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July 27, 2016 dls 0 Equity , Estoppel , Landlord and Tenant ,

References: [1866] LR 1 HL 129, [1866] 12 Jur NS 506

Coram: Lord Cranworth LC, Lord Wensleydale and Lord Westbury, Lord Kingsdown dissenting
Ratio: The Vice-Chancellor had held that two tenants of Sir John Ramsden, the owner of a large
estate near Huddersfield, were entitled to long leases of plots on the estate. They ostensibly held
the plots as tenants at will only, but they had spent their own money in building on the strength of
assurances, said to have been given to them by the landowners agent, that they would never be
Held: The decision was overturned. The difference of opinion was over an issue of fact, that is the
substance of what was said on the occasion when some tenants agreed to be tenants at lower rents
than were being paid by other tenants of Sir John Ramsden.
Lord Kingsdown, dissenting on the facts, said: The rule of law applicable to the case appears to me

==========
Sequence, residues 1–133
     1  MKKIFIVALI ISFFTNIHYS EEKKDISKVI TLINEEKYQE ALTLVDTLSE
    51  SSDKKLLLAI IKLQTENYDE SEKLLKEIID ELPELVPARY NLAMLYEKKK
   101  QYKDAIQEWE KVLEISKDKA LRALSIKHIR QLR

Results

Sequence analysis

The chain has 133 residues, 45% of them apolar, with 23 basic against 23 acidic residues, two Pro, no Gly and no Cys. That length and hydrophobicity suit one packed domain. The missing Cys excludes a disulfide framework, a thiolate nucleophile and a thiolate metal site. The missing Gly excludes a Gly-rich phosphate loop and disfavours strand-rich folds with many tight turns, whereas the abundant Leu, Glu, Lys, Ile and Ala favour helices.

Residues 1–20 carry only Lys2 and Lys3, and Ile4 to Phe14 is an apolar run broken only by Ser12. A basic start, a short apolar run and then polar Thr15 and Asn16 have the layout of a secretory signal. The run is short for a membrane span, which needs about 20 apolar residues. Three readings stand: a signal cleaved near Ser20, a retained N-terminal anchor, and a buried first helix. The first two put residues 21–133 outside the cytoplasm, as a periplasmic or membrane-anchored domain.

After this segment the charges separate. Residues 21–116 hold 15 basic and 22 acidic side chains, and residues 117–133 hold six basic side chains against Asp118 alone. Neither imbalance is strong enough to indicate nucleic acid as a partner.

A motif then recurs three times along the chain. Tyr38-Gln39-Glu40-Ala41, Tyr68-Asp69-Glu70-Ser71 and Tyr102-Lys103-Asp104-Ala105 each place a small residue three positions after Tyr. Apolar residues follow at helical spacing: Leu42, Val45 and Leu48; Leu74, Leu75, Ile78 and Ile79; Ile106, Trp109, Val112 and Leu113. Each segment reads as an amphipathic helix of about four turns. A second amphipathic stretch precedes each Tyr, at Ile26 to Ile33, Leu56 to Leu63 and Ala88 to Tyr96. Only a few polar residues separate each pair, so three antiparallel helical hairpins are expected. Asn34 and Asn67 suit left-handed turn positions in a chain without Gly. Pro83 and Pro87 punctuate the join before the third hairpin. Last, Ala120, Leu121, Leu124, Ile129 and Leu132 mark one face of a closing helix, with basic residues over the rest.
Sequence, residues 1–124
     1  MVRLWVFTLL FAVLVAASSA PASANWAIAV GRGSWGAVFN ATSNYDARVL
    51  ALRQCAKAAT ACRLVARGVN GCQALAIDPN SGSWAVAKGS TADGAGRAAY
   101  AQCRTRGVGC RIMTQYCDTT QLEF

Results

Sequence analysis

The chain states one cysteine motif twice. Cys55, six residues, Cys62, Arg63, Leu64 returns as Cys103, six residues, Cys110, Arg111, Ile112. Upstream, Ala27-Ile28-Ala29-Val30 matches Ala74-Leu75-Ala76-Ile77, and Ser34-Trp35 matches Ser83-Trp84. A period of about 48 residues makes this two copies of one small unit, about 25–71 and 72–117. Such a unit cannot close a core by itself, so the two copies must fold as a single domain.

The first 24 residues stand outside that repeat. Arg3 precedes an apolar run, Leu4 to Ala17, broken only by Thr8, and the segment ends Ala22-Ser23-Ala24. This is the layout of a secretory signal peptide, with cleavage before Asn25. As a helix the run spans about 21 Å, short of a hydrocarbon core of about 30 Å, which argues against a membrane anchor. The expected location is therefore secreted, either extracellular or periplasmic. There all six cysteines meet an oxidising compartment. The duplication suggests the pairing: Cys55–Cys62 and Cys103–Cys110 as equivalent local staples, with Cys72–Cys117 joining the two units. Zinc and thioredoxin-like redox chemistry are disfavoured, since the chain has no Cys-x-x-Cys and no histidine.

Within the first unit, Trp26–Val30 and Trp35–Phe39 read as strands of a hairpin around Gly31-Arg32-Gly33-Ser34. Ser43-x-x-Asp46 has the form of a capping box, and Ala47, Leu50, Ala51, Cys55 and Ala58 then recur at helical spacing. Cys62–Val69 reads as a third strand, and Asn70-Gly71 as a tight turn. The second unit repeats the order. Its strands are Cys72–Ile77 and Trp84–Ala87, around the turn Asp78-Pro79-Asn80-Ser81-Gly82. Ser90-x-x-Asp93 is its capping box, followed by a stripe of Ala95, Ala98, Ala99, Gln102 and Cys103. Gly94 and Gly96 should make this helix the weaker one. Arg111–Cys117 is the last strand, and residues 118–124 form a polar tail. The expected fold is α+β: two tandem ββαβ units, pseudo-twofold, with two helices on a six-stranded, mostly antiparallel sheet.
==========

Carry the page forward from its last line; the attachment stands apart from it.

to be this; if a man, under a verbal agreement with a landlord for a certain interest in land, or what
amounts to the same thing, under an expectation, created or encouraged by the landlord, that he
shall have a certain interest, takes possession of such land, with the consent of the landlord, and
upon the faith of such promise or expectation, with the knowledge of the landlord, and without
objection by him, lays out money upon the land, a Court of equity will compel the landlord to give
effect to such promise or expectation. This was the principle of the decision in Gregory v. Mighell 18
Ves. 328, and, as I conceive, is open to no doubt. Even if there were uncertainty as to the terms of
the contract, a court of equity could nevertheless interfere in order to prevent fraud but that it was
unclear what, in that case, the remedy should be. The choices were between the grant of a specific
interest in the land and the grant of a restitutionary remedy such as monetary compensation.
Lord Cranworth LC said: If any one makes an assurance to another, with or without consideration,
that he will do or will abstain from doing a particular act, but he refuses to bind himself, and says
that for the performance of what he has promised the person to whom the promise has been made
must rely on the honour of the person who has made it, this excludes the jurisdiction of Courts of
equity no less than of Courts of law.